From me and the bee …
Back in June, I wrote a blog post about the insects I’d found when out walking along one of my local trails, the zigzag path that runs down to the marina from upper Penarth. I was critical in that blog of the man-made wildflower patch I’d found, a rectangular area adjacent to the path, where perfectly good local wildflowers had been ploughed up and the area sown with some artificial wildflower mix.
I had some contact following that post with the Vale of Glamorgan Council’s Parks and Open Spaces Officer, who was pleased to learn the insects were doing well on the site and said he was ‘surprised if they [the landscape team] didn’t try and use native wildflowers. Hopefully they will spread out and add to the seed-bank all over the site in time.’ I haven’t had the heart to tell him that Council operatives strimmed that wildflower patch a couple of months later, before the plants had even had time to flower, let along spread their seed. What an incredible waste of money that planting scheme was!
Luckily, the Council operatives haven’t yet strimmed or mown the rest of the vegetation growing alongside the path, and the steep banks have been awash with wonderful colour over the summer months. Even as recently as this Wednesday, when I decided to photograph all the different flower species I could find, there was still a lovely variety as you can see.
This beauty is definitely a Mallow (Malva sp.) but it seems paler than the Common mallow (Malva sylvestris), whose flowers are usually a much deeper pinkish-lilac with even darker stripes.
I found it growing on Penarth’s rail trail, a railway line to Barry that fell foul of the Beeching cuts in the 1960s and has since been converted, in part, to a much-used walking and cycle path. The trail is edged on both sides by houses so this plant could very easily have flitted over a back fence or been dropped as seeds by birds. Whichever, its flowers are a very pretty addition to the foliage that lines the trail.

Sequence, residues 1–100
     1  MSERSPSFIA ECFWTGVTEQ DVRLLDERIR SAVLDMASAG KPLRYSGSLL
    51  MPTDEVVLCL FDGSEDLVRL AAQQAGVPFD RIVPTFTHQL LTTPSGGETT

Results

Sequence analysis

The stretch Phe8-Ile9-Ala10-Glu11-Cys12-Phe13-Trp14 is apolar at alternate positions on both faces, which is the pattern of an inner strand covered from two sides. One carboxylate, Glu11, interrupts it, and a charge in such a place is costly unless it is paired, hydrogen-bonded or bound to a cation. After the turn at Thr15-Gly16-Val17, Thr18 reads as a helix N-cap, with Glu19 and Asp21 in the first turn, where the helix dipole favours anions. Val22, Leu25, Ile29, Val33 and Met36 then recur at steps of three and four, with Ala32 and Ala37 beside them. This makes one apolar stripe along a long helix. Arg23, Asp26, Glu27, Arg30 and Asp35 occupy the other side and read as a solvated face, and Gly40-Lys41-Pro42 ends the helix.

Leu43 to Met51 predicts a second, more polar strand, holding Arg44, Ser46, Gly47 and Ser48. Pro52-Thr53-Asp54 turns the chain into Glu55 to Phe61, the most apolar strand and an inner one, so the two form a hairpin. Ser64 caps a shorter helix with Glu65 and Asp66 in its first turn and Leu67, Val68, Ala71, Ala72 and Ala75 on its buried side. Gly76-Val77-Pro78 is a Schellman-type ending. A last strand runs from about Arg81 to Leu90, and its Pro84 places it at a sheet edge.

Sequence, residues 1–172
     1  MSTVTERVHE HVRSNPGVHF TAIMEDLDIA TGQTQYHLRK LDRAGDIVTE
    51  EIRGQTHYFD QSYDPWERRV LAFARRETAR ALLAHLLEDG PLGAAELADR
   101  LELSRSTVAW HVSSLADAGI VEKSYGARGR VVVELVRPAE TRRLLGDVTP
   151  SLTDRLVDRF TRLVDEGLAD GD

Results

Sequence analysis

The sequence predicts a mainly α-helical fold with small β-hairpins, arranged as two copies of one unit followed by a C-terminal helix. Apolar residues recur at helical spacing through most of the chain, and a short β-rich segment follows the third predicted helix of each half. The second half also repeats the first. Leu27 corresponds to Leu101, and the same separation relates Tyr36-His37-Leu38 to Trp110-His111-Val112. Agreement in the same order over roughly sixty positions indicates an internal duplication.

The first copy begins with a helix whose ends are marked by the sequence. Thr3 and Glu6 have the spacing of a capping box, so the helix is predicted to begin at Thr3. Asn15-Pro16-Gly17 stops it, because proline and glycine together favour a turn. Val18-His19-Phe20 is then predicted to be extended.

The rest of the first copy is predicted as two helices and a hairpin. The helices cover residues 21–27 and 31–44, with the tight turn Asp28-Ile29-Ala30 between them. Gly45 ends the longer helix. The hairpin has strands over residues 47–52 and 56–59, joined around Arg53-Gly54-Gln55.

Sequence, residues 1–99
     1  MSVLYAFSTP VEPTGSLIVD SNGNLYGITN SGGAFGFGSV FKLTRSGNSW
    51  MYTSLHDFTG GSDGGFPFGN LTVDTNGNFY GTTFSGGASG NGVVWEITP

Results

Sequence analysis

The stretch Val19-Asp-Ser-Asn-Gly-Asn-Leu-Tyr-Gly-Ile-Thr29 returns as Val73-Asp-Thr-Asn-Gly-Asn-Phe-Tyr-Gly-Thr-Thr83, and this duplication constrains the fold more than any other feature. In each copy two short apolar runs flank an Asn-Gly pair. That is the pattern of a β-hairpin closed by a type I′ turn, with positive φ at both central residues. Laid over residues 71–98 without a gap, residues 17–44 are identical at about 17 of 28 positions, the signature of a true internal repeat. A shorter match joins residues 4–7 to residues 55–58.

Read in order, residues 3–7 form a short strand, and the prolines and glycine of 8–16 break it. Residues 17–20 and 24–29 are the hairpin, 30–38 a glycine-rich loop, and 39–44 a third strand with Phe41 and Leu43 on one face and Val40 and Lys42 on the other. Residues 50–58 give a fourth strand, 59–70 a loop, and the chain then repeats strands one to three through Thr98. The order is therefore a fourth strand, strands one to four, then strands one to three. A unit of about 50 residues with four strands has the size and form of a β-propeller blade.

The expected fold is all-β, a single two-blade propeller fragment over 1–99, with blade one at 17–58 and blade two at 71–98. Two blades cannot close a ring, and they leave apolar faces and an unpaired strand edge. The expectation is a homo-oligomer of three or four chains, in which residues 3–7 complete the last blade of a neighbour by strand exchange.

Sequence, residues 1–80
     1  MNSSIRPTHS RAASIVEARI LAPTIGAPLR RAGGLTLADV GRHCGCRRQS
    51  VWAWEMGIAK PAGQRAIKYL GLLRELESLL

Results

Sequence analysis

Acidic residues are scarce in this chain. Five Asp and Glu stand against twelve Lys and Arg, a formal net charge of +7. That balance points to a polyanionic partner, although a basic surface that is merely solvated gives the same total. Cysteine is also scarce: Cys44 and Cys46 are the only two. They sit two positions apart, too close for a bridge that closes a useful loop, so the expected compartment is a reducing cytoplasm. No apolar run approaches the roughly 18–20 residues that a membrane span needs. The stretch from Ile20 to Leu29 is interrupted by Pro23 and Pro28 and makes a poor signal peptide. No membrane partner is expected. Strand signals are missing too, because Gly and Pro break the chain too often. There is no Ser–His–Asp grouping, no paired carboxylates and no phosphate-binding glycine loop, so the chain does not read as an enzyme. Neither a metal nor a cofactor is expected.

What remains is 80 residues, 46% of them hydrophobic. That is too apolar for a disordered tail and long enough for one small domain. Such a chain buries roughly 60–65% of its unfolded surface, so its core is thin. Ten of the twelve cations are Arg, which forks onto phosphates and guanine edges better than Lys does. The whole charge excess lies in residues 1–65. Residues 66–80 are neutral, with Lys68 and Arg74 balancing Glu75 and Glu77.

I’m not even going to try to put a name to this little flower except to say it’s an Eyebright, one of around 20 very similar (and 60-plus hybrid) species of Euphrasia. They’re pretty and very dainty little plants, though easily overlooked as they’re don’t grow very tall and so are often obscured by surrounding grasses and overwhelmed by other wildflowers.
According to Richard Mabey’s Flora Britannica: ‘Their name and old medicinal use are a classic example of the Doctrine of Signatures. The flowers, like tiny violets in shape, are mottled with purple and yellow blotches and stripes, not unlike the colours of a bruised eye, and compresses and tinctures made from them were prescribed for all manner of eye disorders.’
Devil’s-bit scabious (Succisa pratensis) has a beautiful flower that paints the wildflower meadows at Lavernock Nature Reserve in shades of purple lusciousness and provides some very welcome late summer nectar and pollen to a host of insects, particularly bees, flies and butterflies.
And that name? Well, the story goes that the devil was not pleased that the plant’s medicinal properties were healing the skin conditions of people suffering from bubonic plague and scabies so, in a fit of rage, he tried to kill off the plant by biting off the ends of the plant’s roots. Ever the party pooper!
It’s Floral Friday so I thought we’d take a look at a few more of the beautiful Crane’s-bill family and one of their cousins, a Stork’s-bill. I think you’ll agree that they’re all rather lovely.
Did you know that in the Victorian era, when flowers were used to convey not-so-hidden meanings, the rhododendron symbolised danger? I really can’t imagine why, except perhaps the danger of being stung by a bee if you put your face too close to the rhoddies’ extravagant blossoms. These beautiful blooms entranced me during a wander through Cardiff’s Bute Park on Monday.
What a week it’s been weather wise! We’ve gone from a generous dumping of snow and temperatures hovering around -5°C last Sunday through occasional rain, sunny periods, UV factors up and down, zephyr winds and mustang gales. Is it spring or isn’t it? Well, I’m seeing increasingly more wildflowers so I guess it must be. Here’s a selection from this week’s wanders.